“My 3 year old son has always been a great communicator. He began speaking very early and has met all developmental milestones within normal range. He recently began stuttering and he seems to be getting frustrated by it. Stuttering does not run in our family. Does he need speech therapy?”

You are not alone!  I receive calls weekly asking this same question.  Stuttering can be very worrisome for parents, especially when they notice their children becoming frustrated because they can’t “get their words out”.  What most parents don’t realize is that it is very common for children between the ages of 2 and 5 to demonstrate periods of dysfluent speech.  Dysfluent speech can be characterized by sounds repetitions (e.g., b-b-ball), whole word repetitions (e.g., she, she, she…), prolongations of sounds (e.g., ssssssspoon) or unusually long pauses.  Roughly 5% of all children will stutter at some point in their speech and language development. Preschool children have so much to say and sometimes it’s difficult for their mouths to keep up with their brains.  According to the National Stuttering Association, as many as 3 out of 4 children who show signs of developmental stuttering stop stuttering within a year of its onset.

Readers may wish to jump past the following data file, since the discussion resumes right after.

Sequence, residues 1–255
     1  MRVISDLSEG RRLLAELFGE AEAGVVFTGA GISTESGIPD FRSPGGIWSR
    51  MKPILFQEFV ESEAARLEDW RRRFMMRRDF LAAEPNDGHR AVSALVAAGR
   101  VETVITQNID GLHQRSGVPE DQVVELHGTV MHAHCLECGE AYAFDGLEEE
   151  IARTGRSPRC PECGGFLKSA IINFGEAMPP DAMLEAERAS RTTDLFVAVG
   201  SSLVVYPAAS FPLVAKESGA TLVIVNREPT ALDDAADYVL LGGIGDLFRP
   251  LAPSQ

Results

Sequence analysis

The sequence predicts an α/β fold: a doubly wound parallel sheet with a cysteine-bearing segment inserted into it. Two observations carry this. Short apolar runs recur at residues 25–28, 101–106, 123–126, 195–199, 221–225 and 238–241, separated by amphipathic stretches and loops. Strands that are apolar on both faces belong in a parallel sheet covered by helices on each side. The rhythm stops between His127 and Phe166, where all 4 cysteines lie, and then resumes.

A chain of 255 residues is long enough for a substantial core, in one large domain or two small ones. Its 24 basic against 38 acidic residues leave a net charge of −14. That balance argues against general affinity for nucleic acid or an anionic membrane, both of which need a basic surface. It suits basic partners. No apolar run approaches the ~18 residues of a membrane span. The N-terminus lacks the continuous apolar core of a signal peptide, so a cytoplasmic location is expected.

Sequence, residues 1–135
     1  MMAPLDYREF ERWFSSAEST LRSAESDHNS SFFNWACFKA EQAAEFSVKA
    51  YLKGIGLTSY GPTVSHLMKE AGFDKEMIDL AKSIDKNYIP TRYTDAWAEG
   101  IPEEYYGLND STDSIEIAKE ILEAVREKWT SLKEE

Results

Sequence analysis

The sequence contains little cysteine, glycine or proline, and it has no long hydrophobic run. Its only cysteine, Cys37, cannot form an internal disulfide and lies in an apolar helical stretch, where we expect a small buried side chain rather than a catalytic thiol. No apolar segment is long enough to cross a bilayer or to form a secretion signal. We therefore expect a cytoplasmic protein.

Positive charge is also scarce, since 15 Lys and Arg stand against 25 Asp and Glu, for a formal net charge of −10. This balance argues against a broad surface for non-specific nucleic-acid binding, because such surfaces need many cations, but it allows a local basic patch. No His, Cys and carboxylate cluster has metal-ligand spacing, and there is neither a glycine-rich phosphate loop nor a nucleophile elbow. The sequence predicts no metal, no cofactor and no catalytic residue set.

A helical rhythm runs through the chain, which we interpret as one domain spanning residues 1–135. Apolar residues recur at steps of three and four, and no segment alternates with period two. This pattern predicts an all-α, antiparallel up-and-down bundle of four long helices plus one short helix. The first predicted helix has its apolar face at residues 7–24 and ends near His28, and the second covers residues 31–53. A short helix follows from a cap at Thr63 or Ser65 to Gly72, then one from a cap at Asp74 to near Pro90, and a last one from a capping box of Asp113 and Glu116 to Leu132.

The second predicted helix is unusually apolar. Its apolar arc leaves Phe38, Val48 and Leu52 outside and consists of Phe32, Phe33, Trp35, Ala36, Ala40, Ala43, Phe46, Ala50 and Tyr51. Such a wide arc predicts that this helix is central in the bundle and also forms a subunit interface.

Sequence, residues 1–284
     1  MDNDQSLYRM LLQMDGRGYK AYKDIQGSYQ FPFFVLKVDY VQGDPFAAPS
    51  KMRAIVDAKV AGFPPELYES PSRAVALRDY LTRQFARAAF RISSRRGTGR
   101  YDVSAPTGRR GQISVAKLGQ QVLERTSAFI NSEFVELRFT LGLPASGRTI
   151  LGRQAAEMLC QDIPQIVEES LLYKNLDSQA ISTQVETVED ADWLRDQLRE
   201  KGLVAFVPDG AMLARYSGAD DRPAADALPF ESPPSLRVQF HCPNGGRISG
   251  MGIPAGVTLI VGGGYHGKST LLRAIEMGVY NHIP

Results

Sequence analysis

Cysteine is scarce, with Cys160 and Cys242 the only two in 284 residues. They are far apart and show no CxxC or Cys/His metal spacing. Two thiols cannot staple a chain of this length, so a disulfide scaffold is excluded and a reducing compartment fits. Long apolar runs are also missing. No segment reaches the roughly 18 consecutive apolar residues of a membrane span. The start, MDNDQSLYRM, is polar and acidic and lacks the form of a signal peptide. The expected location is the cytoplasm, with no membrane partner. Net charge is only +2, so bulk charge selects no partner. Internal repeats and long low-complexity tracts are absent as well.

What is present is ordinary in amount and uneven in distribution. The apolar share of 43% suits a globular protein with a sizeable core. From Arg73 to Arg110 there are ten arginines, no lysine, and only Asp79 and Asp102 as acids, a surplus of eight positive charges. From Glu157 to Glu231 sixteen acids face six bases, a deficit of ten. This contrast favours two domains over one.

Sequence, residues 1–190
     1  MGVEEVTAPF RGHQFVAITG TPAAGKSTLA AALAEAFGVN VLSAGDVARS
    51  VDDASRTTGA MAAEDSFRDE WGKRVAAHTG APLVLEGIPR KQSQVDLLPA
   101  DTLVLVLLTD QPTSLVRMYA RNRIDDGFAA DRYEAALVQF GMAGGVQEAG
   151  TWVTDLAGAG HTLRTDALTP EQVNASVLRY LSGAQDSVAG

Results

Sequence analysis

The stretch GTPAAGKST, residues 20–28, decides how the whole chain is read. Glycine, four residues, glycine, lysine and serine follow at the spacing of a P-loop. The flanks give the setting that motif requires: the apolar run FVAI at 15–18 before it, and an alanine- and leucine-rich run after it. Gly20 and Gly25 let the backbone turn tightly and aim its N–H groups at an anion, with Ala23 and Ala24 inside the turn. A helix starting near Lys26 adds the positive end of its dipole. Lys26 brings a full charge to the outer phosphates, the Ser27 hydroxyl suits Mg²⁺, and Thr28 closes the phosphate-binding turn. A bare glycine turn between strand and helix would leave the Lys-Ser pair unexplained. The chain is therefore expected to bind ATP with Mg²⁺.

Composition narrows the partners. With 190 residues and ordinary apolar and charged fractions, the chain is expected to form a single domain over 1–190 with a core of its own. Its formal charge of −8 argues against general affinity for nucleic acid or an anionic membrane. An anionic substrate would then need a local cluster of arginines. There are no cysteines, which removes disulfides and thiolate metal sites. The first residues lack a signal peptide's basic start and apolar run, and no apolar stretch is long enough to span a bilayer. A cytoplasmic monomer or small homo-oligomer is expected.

Parents need to be patient with their children during this time.  Don’t rush your child or put pressure on your child when he is speaking.  Show him that you are interested in what he has to say.  If he becomes frustrated, you can tell him to take his time because you understand that it’s hard to get all of those words out.  Remind him that you will wait until he’s finished because you want to hear what he has to say.  Become more cognizant of your own speech and slow down when talking.    

You should contact a speech-language pathologist if your child’s stuttering 1) continues past the age of five, 2) is becoming more frequent or worsening with time or 3) is accompanied by body or facial movements.